Longer Reads

5 ways to make changes that STICK

 

Hi and happy Feel-Good Monday!


This is where we share our favorite tips, tricks, secrets, and ways to "think like a healthy person" so that you can find your own delicious path to healthy living.

"Feel-Good Mondays" are meant to help us get back into that place of feeling energized, nourished, and ready to take inspired action for the week ahead.  


Making a change isn’t the hard part. It’s making changes that stick that can become tricky.

Most of our clients come to us having tried at least some sort of diet or lifestyle shifts in the past, but it’s in getting those changes to actually last and become habit and routine that can get more complicated.

And that’s where we step in. No matter what you may have tried in the past, it’s absolutely possible to finally create lasting, permanent, sustainable change. You just need to find the right support, the right tools, and the right expertise to get you there.

We see this time and time again, with the hundreds of clients we’ve supported with personal transformations over the years. The right formula for change makes all the difference in the world.

With that in mind, here are some of my favorite tips which, when followed, can really help us to make lasting transformation (adapted from The Positivity Blog).
 

1. Choose ONE main focus — at first.

When we’re trying to make changes to our diet or lifestyle, it’s easy to go for an “all or nothing” approach – taking on a slew of new changes at once. But I recommend that you simply choose one main area to focus on each week. This makes it easier to actually accomplish a goal, instead of getting lost in too many commitments and getting worn out by trying to balance so many shifts at once. (Yep, I’ve been there, done that, and it doesn’t feel so good.)

2. Set your big goal — but focus on the daily process.

Your goal may be to boost your energy level, get rid of a chronic health issue or digestive issue, or to lose 10 lbs. But looking too far ahead at a big goal can feel overwhelming and/or derail us. By focusing on what you can simply do today to help reach your goal, you’re much less likely to get swept up in goal-overwhelm and more likely to actually accomplish what you set out to do.

3. Find ways to overcome the triggers that cause you to relapse into old behavior.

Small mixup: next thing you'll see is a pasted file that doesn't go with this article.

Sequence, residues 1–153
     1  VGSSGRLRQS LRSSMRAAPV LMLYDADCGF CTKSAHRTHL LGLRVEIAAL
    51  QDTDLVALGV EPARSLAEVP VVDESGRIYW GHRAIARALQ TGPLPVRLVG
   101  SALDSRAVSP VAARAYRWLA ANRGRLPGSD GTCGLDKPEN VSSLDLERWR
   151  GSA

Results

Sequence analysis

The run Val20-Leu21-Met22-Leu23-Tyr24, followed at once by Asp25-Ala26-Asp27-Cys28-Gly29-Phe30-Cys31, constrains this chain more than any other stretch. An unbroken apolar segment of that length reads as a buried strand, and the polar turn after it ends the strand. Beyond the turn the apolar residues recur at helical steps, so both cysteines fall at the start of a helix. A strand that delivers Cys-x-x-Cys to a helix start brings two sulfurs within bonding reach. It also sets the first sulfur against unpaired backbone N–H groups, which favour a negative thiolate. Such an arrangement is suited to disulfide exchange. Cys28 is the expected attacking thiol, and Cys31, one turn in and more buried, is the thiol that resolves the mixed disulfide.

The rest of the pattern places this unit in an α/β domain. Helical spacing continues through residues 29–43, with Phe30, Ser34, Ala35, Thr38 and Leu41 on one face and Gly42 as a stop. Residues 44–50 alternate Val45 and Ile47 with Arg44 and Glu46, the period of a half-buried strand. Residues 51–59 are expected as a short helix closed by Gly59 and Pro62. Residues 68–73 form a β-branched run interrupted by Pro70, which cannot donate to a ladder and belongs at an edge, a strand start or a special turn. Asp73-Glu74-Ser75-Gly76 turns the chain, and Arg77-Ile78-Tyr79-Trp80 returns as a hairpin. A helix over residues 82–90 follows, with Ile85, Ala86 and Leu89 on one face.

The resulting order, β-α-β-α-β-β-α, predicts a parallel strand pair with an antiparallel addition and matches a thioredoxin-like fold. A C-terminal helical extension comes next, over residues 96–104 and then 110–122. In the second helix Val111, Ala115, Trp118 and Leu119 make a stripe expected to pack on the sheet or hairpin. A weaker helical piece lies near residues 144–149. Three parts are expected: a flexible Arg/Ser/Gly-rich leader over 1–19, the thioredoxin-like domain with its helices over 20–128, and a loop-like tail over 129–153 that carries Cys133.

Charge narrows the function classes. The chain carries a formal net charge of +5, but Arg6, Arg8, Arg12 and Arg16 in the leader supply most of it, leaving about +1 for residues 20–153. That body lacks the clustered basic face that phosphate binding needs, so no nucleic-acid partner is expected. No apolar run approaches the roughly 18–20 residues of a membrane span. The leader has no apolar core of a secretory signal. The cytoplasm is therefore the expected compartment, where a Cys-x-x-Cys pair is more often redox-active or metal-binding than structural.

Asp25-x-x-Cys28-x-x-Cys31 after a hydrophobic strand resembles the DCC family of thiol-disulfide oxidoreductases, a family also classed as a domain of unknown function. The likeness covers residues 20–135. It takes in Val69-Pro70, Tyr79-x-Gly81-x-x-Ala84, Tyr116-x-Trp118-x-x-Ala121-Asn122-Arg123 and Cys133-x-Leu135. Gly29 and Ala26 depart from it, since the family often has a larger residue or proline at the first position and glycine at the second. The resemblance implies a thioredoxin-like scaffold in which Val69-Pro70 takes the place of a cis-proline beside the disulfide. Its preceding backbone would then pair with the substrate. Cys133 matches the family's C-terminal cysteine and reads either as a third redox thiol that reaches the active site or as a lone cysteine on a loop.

A client recently found herself craving (and buying) a chocolate croissant after a particularly stressful day. Sweets were always her go-to source of comfort, and the stress of the day led her right to the bakery. But she had also been practicing recognizing her common triggers, pushing “pause” and taking a breath when she found herself swept up in familiar, not-so-supportive patterns.

So she took the croissant, brought it home, and ended up eating it hours later — when she could savor it intentionally, and truly enjoy it — as opposed to wolfing it down (and barely tasting it) in the heat of the moment.

Find new behaviors that help you recognize old patterns, to take a step back and a deep breath in, and that allow you to shift your usual go-to response if it no longer serves you.

4. Don’t beat yourself up when you slip up.

You will most likely have a few bad days. Because you’re a human being.

Last year, while reading the book “Bringing up Bebe,” I was struck by a French expression that really spoke to me. When the French are talking about eating healthier, they refer to it as “paying attention” — as opposed to the American phrase of being “good” or “bad” with our food choices. The French expression is neutral, while the value-laden American one, “being good” (and its guilt-ridden opposites: “cheating” and “being bad”) is filled with judgement.

This is a revolutionary difference. It means that if you’ve merely stopped “paying attention” and had some extra cake, it is easier to forgive yourself and to simply eat mindfully again at the next meal.

This is a much gentler and more supportive approach to coach yourself back into healthier eating habits, as opposed to judging and punishing yourself to make a change.

5. Use metrics.

It's hard to change what you can't measure — it’s difficult to know (and celebrate) whether you're making progress or not. So find a way to incorporate measurable milestones.

If you say you want to eat more vegetables, or drink more water, or reduce sweets, how can you measure this?

Think about how you can measure your progress to keep you motivated!

 

You don’t have to go it alone. Find friends, family members, and colleagues who can support you to stay motivated and to help hold you accountable. Do you want more one-on-one support? Reach out to us. We specialize in helping you reach your goals permanently, sustainably, and enjoyably.

You can feel good every day, and we’re here to support you.

Love,

P.S. What have you found helps you stick to your goals? Where do you get stuck in getting your health habits and new routines to stick? Tell us about it in our Facebook page! We love to hear from you!